Kay Ellen Wilkerson of Fayetteville walks Monday, Jan. 30, 2023, with dog Calli along Skyline Drive beneath ice-covered trees in Fayetteville. A winter storm brought ice and sleet, making travel in the morning difficult. (NWA Democrat-Gazette/Andy Shupe)
An ice storm warning is in effect for portions of central and northeastern Arkansas, including Little Rock, officials said Monday. A winter weather advisory is in effect for most of the remaining parts of the state.
An ice storm warning is used to describe weather conditions where at least a quarter inch of ice is forecasted, said Colby Pope, a meteorologist with the weather service in North Little Rock.
“A quarter of an inch is really entering that threshold where the impacts of ice are really ramped up and we can see disruptive behavior from the weather, like damage to powerlines or trees,” he said.
Accumulating ice is possible across much of Arkansas, with as much as a half-inch or more of ice being forecast in the central third of the state through Wednesday morning, a tweet from the National Weather Service said.
Just before 10:30 a.m. Monday, the weather service said the ice storm warning had been extended west to include most locations in between the Interstate 40 and Interstate 30 corridors across west central Arkansas.
As temperatures drop to freezing or lower, freezing rain or sleet could be seen in portions of northern and central Arkansas by Monday afternoon, according to a briefing from the weather service.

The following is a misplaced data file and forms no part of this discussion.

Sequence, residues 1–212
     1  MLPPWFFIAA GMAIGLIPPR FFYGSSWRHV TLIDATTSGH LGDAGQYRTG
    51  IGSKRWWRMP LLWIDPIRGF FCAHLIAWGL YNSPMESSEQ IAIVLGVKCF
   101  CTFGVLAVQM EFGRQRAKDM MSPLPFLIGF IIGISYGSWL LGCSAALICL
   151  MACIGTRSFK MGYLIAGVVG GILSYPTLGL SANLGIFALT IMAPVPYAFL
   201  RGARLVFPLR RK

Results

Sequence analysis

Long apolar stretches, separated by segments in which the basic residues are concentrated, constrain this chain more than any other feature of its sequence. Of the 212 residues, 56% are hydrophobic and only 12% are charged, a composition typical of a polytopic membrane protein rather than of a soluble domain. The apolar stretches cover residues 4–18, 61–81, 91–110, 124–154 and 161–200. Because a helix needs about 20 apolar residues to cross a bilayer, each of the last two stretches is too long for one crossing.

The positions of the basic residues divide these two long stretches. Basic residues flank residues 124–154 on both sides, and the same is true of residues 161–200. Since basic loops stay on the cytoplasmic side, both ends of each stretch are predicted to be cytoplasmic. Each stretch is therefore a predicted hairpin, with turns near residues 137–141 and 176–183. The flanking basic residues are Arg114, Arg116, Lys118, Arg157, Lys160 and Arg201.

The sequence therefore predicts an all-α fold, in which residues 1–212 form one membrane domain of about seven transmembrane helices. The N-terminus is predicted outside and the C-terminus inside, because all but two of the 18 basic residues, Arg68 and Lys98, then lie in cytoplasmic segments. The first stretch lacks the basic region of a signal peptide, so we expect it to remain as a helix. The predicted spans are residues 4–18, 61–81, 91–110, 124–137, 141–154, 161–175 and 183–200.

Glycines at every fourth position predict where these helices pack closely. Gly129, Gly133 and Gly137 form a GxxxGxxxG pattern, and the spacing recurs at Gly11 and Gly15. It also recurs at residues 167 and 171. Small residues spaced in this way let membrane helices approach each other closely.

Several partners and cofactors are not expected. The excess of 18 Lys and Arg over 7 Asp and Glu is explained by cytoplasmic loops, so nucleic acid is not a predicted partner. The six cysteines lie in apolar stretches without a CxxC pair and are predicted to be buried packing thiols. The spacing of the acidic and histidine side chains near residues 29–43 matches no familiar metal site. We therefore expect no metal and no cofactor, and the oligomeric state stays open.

Pope said Arkansans should expect to see the winter weather come in two waves and that the state is currently in the first wave, with travel in some areas being impacted.
The first wave is expected to last until Monday evening, and a pause in rain is forecasted for Tuesday morning, meteorologists said.
Most of the ice accumulation is forecasted to come with the second wave, which is expected to enter the state on Tuesday afternoon and evening, a briefing from the weather service said.
“A large chunk of central Arkansas could see anywhere from a quarter inch to a half inch of ice accumulation with the second wave,” Pope said.
He said areas with a winter weather advisory should expect a glaze of ice that is less than a quarter of an inch thick, but that much could still affect road conditions.
Pope said parts of northern Arkansas could see snow or sleet this week.
He warned Arkansans to be aware that the heavy, wet snow parts of the state saw recently could exacerbate the impact of this weather. “That means their trees are weaker and more likely to fall, and it is more likely that they will experience sporadic power outages,” Pope said.
The ice should be mostly melted by Wednesday evening as temperatures rise above freezing and rain moves back into the state, he said.
“People should still be careful getting out on Wednesday and Thursday, though, as there could be downed trees. People should just be aware,” Pope said.
The winter weather is expected to remain through Wednesday morning. Travel impacts are likely Monday, the weather service in Tulsa said.
Ice patches were reported on most of the main highways and roads in northern and western Arkansas, according to the website idrivearkansas.com.